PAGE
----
The anti-malarial drug Mefloquine disrupts central autonomic and respiratory control in the working heart brainstem preparation of the rat
Web of Science
AuthorLall, VK; Dutschmann, M; Deuchars, J; Deuchars, SA
Source TitleJournal of Biomedical Science
University of Melbourne Author/sDutschmann, Mathias
AffiliationFlorey Department of Neuroscience and Mental Health
Document TypeJournal Article
CitationsLall, V. K., Dutschmann, M., Deuchars, J. & Deuchars, S. A. (2012). The anti-malarial drug Mefloquine disrupts central autonomic and respiratory control in the working heart brainstem preparation of the rat. JOURNAL OF BIOMEDICAL SCIENCE, 19 (1), https://doi.org/10.1186/1423-0127-19-103.
Access StatusOpen Access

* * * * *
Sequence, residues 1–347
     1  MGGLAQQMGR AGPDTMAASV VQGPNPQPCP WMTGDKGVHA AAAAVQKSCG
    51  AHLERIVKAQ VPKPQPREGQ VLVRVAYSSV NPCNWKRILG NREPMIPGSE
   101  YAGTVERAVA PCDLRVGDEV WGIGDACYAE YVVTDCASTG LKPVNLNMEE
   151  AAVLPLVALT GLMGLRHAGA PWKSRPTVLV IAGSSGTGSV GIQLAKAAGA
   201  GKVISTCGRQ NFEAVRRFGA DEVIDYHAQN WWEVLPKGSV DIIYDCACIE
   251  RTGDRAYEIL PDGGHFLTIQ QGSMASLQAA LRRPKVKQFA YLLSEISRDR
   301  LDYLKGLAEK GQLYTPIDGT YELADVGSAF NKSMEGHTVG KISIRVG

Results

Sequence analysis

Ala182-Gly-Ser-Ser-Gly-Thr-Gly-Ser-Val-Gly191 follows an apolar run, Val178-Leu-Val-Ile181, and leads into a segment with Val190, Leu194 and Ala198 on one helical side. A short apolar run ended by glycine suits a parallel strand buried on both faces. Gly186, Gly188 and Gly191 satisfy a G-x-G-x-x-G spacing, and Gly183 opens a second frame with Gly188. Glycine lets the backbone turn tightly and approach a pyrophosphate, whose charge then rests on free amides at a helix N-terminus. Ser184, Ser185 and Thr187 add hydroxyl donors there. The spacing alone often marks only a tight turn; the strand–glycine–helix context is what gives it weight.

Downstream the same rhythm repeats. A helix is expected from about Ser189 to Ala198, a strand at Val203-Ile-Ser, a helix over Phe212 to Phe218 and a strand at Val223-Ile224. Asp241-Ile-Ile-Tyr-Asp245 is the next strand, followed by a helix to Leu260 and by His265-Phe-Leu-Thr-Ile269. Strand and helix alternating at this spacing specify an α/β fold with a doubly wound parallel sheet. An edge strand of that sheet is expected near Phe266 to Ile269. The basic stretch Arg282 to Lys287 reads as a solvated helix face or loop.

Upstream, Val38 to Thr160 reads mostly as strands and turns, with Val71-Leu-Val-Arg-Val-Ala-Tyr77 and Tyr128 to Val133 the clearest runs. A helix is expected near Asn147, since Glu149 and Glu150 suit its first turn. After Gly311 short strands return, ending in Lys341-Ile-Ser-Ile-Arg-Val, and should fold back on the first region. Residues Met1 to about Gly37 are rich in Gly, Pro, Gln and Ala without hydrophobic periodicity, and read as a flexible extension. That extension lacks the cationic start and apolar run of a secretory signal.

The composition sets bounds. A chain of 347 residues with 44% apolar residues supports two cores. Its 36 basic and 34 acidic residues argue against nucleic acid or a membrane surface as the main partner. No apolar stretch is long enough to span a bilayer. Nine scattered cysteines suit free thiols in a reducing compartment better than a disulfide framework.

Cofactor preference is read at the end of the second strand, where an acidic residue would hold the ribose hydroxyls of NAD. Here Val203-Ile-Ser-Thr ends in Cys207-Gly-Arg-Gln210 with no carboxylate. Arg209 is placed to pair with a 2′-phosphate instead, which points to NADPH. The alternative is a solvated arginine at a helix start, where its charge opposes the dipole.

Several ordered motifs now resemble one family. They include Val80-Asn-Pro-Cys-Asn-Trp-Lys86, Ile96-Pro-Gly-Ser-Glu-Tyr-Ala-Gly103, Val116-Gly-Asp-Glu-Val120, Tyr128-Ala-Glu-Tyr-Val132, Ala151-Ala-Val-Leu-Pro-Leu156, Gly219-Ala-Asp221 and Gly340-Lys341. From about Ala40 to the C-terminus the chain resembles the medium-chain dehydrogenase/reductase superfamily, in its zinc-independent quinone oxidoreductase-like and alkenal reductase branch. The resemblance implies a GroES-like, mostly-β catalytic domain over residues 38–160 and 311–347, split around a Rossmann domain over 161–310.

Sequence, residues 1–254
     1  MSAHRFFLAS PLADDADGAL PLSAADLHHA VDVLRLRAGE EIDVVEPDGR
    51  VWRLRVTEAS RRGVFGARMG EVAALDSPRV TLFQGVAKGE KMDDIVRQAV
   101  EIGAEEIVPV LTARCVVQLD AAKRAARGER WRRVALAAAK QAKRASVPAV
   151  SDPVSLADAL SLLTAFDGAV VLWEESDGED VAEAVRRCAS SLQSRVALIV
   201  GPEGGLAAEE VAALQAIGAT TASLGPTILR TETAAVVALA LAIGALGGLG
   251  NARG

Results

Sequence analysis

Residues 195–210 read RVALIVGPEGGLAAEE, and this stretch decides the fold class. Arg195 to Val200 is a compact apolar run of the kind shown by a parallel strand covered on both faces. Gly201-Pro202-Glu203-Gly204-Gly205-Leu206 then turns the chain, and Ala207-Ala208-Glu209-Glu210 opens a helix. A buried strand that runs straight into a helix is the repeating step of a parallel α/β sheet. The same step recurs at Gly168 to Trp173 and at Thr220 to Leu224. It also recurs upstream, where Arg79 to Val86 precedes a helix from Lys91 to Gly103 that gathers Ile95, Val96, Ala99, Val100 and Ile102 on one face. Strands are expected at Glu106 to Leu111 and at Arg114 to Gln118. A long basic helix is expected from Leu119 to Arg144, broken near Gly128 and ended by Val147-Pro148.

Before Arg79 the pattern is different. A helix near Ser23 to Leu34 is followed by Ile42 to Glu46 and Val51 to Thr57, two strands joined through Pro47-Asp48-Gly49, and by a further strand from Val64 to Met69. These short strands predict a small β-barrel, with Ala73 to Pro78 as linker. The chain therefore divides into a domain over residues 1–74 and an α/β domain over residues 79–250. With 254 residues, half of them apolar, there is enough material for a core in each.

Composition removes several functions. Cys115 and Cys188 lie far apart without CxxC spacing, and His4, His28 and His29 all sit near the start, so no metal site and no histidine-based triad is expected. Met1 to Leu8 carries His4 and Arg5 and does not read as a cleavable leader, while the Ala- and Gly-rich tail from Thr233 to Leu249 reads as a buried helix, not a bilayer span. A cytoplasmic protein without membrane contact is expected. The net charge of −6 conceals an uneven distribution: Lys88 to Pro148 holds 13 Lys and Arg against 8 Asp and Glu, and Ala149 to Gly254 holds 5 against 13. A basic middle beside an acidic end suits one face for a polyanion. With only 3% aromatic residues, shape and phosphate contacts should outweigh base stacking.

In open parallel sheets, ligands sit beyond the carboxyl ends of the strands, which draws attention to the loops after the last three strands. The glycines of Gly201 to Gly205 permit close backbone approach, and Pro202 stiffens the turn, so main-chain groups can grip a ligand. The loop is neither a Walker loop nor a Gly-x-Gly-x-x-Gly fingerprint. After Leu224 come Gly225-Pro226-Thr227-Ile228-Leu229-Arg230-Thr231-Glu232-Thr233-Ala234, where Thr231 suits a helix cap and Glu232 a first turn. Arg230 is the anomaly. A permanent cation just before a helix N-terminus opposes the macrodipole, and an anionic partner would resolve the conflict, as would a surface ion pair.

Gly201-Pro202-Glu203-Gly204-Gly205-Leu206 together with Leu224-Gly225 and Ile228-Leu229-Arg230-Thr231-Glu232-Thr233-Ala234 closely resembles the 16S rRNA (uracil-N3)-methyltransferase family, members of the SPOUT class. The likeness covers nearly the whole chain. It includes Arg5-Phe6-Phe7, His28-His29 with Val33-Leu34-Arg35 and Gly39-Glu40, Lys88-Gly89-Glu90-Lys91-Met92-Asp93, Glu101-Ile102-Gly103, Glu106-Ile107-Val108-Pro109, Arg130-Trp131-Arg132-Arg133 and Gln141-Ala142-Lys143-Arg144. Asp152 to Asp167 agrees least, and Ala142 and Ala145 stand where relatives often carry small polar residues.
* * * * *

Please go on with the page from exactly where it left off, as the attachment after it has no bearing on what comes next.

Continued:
BACKGROUND: Mefloquine is an anti-malarial drug that can have neurological side effects. This study examines how mefloquine (MF) influences central nervous control of autonomic and respiratory systems using the arterially perfused working heart brainstem preparation (WHBP) of the rat. Recordings of nerve activity were made from the thoracic sympathetic chain and phrenic nerve, while heart rate (HR) and perfusion pressure were also monitored in the arterially perfused, decerebrate, rat WHBP. MF was added to the perfusate at 1 μM to examine its effects on baseline parameters as well as baroreceptor and chemoreceptor reflexes. RESULTS: MF caused a significant, atropine resistant, bradycardia and increased phrenic nerve discharge frequency. Chemoreceptor mediated sympathoexcitation (elicited by addition of 0.1 ml of 0.03% sodium cyanide to the aortic cannula) was significantly attenuated by the application of MF to the perfusate. Furthermore MF significantly decreased rate of return to resting HR following chemoreceptor induced bradycardia. An increase in respiratory frequency and attenuated respiratory-related sympathetic nerve discharge during chemoreceptor stimulation was also elicited with MF compared to control. However, MF did not significantly alter baroreceptor reflex sensitivity. CONCLUSIONS: These studies indicate that in the WHBP, MF causes profound alterations in autonomic and respiratory control. The possibility that these effects may be mediated through actions on connexin 36 containing gap junctions in central neurones controlling sympathetic nervous outflow is discussed.
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